Issa Rae Knows Fans Will be “Mad” Following Tonight’s Insecure Season Finale

If there was any singular theme that defined the fourth season of HBO’s hit series Insecure, it would simply be growing pains.

In the last 10 episodes, we’ve seen the dynamics between all of the series’ signature characters shift—most obviously so between Issa (Issa Rae) and Molly (Yvonne Orji), whose years-long relationship as best friends is now seemingly strained beyond repair. The impermanence of some female friendships—even our most cherished, deepest ones—is a subject Issa Rae was eager to explore in this newest season because she hadn’t seen it explored enough in other television shows.

“We had been building to this kind of breaking point in their relationship for a minute now. It’s something that so many of the women and myself included in the room had experienced with their close female friendships in some ways, that kind of realization that … we’re changing,” Rae tells “[That uncertainty of] I don’t know if we’re changing together or if we’re changing apart—and we discussed how painful that is. I haven’t seen very many depictions of female friendships in that way. So many female friendships—the breakups at least—are more painful than most romantic relationships. I know that’s true for me in life.

“I’m still recovering from two lost female friendships. But I can’t remember if I had anything towards any boyfriends that I broke up with where I felt that…” laughs Rae. “It’s something that we were excited to portray onscreen.”

So many of the standout moments this season—including Issa and Molly’s heartbreaking realization that maybe their friendship wasn’t worth saving anymore—were portrayed so effortlessly onscreen, thanks to the slew of standout Black women directors at the helm. According to Rae, who enlisted Kerry Washington, Melina Matsoukas, Regina King, and more to take the director’s chair through the series, who can better depict such vulnerable moments in two Black women’s lives, than Black women themselves?

“This is a story about two Black women, and who better to understand that than other Black women? To bring the beautiful touches that sometimes we may miss in the writers’ room, or we may not think about … to have it realized other Black women is such a treat. It just feels very ‘for us, by us’ in that way,” explains Rae. “That’s not to say that we only hire Black women. We’ve had some men direct and recently our DP [Ava Berkofsky], who is a queer white woman, just directed one of our most popular episodes of the season. So we really like just giving opportunities to people who are fan faves. But where Black women are concerned, it is something of a ‘for us, by us’ type of thing.”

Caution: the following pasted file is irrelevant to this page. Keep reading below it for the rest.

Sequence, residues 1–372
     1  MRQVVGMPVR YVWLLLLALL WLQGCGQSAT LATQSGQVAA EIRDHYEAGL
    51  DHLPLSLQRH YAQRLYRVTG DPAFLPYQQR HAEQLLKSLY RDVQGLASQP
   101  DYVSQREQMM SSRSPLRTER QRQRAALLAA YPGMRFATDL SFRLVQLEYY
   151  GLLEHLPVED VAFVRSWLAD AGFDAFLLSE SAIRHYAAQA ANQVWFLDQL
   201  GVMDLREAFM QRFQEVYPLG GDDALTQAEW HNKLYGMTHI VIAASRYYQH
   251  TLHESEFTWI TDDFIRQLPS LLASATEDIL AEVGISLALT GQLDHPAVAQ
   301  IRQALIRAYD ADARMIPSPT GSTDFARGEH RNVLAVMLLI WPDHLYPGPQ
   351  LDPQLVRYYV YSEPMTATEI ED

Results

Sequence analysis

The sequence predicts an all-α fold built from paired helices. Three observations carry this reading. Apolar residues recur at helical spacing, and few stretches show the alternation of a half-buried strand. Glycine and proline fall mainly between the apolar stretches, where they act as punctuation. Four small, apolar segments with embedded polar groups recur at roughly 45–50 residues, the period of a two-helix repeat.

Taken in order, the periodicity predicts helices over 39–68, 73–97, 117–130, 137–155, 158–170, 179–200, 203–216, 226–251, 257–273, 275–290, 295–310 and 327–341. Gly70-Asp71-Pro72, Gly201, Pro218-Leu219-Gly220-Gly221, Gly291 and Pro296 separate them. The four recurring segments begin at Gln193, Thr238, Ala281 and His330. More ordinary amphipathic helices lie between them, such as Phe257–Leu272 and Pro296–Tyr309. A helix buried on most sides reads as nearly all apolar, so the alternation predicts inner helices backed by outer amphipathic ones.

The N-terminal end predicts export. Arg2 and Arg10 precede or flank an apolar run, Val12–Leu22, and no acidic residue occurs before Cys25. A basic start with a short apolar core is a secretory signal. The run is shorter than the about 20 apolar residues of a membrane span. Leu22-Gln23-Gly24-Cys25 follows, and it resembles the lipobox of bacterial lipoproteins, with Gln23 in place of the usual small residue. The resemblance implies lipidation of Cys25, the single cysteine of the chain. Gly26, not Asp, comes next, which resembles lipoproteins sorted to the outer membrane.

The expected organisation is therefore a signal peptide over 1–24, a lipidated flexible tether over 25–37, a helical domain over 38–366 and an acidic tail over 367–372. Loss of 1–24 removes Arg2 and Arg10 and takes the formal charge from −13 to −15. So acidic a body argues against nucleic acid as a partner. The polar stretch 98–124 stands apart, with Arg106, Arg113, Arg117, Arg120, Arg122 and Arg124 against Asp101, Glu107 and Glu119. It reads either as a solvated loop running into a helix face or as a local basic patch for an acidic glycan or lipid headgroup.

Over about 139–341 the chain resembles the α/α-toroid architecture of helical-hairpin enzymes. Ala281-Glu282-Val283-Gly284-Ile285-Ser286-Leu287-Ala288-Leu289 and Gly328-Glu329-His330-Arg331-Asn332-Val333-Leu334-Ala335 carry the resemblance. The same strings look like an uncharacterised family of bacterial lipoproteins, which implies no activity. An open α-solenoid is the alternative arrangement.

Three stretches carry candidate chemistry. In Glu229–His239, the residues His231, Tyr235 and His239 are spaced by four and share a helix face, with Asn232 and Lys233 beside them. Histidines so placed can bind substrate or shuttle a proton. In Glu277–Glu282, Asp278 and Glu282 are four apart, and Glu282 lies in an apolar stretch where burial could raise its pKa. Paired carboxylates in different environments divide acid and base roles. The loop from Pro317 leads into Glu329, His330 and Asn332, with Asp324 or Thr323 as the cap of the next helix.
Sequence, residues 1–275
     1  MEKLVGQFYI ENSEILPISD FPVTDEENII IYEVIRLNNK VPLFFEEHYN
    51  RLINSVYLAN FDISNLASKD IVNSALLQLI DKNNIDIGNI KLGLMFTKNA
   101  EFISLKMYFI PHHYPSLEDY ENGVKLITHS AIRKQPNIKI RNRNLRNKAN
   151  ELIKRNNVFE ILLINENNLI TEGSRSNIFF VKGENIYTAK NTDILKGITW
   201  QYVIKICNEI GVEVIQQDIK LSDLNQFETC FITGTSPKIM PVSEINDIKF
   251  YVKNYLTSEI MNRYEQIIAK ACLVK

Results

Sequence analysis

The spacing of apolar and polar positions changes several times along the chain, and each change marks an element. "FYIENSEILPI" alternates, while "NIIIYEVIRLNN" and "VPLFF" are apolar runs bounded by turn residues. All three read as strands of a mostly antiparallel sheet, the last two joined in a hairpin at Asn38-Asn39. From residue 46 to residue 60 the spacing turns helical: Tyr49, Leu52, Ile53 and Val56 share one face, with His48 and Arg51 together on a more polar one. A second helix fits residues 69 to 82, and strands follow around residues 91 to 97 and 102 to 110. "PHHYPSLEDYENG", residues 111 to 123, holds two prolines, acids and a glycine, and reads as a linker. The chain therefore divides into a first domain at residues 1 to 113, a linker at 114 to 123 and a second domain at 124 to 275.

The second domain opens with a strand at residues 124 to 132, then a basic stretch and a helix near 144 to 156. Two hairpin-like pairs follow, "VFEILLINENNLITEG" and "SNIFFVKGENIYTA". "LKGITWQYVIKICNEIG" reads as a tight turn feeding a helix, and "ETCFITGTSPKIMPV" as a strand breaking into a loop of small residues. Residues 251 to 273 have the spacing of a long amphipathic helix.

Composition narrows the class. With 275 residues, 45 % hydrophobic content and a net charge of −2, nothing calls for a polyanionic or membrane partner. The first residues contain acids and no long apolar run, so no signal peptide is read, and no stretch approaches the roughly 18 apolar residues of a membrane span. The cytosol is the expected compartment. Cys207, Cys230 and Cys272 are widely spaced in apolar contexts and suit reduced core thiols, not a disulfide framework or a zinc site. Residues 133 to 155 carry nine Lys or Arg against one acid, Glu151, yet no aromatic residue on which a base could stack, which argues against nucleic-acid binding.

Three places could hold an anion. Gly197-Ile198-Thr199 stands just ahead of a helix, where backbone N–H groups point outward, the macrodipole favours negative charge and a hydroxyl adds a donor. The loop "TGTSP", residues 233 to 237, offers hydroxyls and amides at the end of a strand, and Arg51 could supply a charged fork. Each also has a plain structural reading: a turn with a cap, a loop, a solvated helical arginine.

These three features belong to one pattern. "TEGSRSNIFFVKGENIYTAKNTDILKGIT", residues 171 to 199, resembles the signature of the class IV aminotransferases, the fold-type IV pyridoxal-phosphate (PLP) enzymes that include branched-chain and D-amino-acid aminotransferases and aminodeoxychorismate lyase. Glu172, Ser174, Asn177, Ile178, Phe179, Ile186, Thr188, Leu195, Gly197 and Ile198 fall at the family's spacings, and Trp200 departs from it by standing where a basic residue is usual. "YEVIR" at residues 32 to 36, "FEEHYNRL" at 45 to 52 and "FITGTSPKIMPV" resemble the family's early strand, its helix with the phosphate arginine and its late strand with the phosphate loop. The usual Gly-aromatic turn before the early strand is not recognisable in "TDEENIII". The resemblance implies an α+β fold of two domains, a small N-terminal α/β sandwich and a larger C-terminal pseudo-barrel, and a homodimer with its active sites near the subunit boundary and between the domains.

Insecure’s audience has found the show to be a revered source of respite since the season premiere back in April. At the start of its fourth season, the world found itself in quarantine and sheltering in place at home due to the ongoing coronavirus pandemic. Now, still in the midst of a global health crisis, Americans have been taking to the streets for weeks, protesting to finally demand an end to police brutality and racial injustice following the unjust deaths of George Floyd, Ahmaud Arbery, Breonna Taylor, and countless others.

For the show’s longtime viewers, Sundays at 10 p.m. have served as a sort of communion for fans to come together—whether in-person with friends in a pre-coronavirus world or virtually through the online escape of Black Twitter—since the show’s premiere in 2016. Now more than ever, fans depend on Insecure to serve as 30 minutes of joy and laughter—and even hope—from some of the darkest and most uncertain days Black Americans have experienced thus far in our lives.

“I’m so relieved that [people still want to watch] because I would hate to air during a time when nobody wants to see it. So I think it is oddly comforting that people find comfort in us. I’m so grateful for that,” says Rae of the show’s airing amid political unrest in America. “It’s allowed me solace of kind of escaping with other people to the show because I know when the protest first hit and it started getting world-wide attention, I guess I was a bit more anxious about how to continue to produce, or how to promote the show that we’ve worked so hard on, and if people would even be in the mood to watch it. So the notes that I got in confirmation were really reassuring. It’s just good to know that people are still there for us.”

When it comes to the Season 4 finale, Rae hints that fans may be in for a bit of an upset. While the season’s penultimate episode found Issa and her former longtime love Lawrence within a newly blissful state of newly rekindled romance, the finale’s trailer all but assures that Issa’s previous flame, Nathan, may come in between Lawrence and Issa’s second shot at happily ever after.

“[Fans will be] mad,” quips Rae when asked how fans will react after tonight’s finale. “But I think they’ll be hopeful. Hopeful, but upset. And they should be.”

To Rae however, a happy ending for her namesake character doesn’t mean Lawrence, Nathan, or any other man in her life, needs to be by her side. As the show enters it’s fifth season (which was already given the greenlight by HBO earlier this year), Rae simply hopes that Issa can embrace the insecurities that shape her, rather than let them define her.

“We always talk about taking Issa on a journey to becoming secure in her insecurities in a way, because I think that’s part of fully accepting yourself, flaws and all. Like, I know who I am, I know where my issues are, and I’m fine with that, and I’m happy with who I am,” said Rae. “So much of Issa’s journey has been about denying who she is, not being honest about her feelings, and just really being obviously insecure about so much of her life. So a happy ending to me would just be Issa feeling happy and satisfied to give her whole self to the world.”

Source: Read Full Article